I’ll Follow You Down [3 stars]

This movie has its issues, but it definitely has some solid thinking in it that allows me to recommend it.

In addition to the good story, it also has a good cast. Rufus Sewell (Dangerous Beauty, The Man in the High Castle) and Gillian Anderson (Crooked House) catch attention as the parents to Haley Joel Osment (Tusk). Osment is the real lead in this tale, with some nice support by Victor Garber (Sicario) and Susanna Fournier (Being Human (US)). Osment has some great moments, but his performance is uneven and, at times, forced or false. There are plot moments that just clunk like a tin can rolling down stairs. But they are just moments in the midst of some solid acting and well considered issues.

Absent that roller-coaster of belief, I’ll Follow You Down would have been great instead of just good. Director/writer Richie Mehta (Delhli Crime) has certainly peaked my curiosity to see what may come next in his opus. And if you like movies with a bit of intellect behind them, this one pays off nicely.

Excursion [2.5 stars]

Martin Grof’s first feature as writer and director is loaded with ideas. Unfortunately these ideas are often discussed at length by the characters rather than showing us or just trusting the audience. It is primarily a political diatribe blended with a bit of black humor and clever historical revisionism.

To make this kind of script and story work, though, you need a very talented cast. This cast isn’t really up to the task. Other than Johnny Mindlin and Jeryl Burgess, they are often stiff and completely without credibility. And even these two bright spots for naturalism are a little forced at times.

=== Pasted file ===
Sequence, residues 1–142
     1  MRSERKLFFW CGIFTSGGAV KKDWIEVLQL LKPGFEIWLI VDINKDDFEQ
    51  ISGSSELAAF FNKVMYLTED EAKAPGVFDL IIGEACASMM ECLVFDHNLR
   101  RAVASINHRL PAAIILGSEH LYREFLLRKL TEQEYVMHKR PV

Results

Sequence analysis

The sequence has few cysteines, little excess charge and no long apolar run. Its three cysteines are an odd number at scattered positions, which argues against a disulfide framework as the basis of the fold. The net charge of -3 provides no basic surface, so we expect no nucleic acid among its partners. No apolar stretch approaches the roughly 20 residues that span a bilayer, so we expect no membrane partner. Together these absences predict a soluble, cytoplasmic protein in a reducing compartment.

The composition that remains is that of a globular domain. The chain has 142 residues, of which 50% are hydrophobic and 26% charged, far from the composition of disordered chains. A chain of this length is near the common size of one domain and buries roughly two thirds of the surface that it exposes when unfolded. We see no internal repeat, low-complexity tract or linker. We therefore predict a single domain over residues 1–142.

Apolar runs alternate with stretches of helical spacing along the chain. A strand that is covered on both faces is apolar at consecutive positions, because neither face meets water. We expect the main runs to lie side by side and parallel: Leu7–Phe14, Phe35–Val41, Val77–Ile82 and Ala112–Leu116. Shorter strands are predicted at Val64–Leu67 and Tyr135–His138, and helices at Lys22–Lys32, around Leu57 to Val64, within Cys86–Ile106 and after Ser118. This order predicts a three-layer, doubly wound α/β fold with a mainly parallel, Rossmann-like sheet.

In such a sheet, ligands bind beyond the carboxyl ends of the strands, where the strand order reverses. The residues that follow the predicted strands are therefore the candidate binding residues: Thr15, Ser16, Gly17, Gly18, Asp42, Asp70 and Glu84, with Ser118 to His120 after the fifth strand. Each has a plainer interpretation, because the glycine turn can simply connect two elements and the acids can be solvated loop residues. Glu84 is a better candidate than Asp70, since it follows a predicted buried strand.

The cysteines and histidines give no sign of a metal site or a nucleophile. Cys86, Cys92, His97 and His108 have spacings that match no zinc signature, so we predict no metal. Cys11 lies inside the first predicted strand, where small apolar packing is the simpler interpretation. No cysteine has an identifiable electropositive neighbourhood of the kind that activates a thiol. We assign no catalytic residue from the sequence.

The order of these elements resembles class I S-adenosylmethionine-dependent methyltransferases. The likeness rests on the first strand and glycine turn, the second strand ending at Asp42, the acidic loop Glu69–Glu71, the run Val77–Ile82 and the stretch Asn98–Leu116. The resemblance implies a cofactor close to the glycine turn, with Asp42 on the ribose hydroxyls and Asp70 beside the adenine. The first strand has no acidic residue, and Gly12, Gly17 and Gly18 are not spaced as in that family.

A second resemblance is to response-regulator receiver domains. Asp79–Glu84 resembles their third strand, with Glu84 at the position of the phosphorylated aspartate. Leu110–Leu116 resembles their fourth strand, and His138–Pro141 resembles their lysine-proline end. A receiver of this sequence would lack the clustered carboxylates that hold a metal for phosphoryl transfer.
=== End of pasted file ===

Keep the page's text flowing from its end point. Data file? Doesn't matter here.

As a curio, this is interesting. Not brilliant, but interesting. However, save it for a time when you’ve nothing else and about 80 minutes to spare. You may find the approach more engaging than I did.

The Cured

[3 stars]

What would happen if most (metaphorical) zombies could be cured? David Freyne tackles this question in his first feature. While admittedly re-treading some ground that In The Flesh took on wonderfully, The Cured has its own focus and apropos political points for our times. Its many secrets aren’t surprising, but neither does Freyne hold them back for very long.

Ellen Page (Umbrella Academy) manages to dominate the movie, despite being a supporting player. Her story is the most accessible and complex and, frankly, she has the best chops in the flick. The real focus of the tale is on Sam Keeley (Burnt), one of the cured who tries to reassimilate into a world that mostly doesn’t want that to happen. Keeley follows his path admirably, but the script and editing prevent him from ever really gaining steam. It’s Tom Vaughan-Lawlor, somewhat reprising his Ebony Maw (Avengers: Endgame) character, who tends to steal screen. Unfortunately, neither the writing nor directing help him feel completely real.

Zombies (and again, this isn’t a zombie movie other than as shorthand) have long been used as metaphors for differing fears and social concepts. From the fear of science and communism to the more recent terror of AIDS and ongoing homophobia. Most are movies about finding the cure or just simply surviving. Few stories tackle the guilt of those that survive and can remember.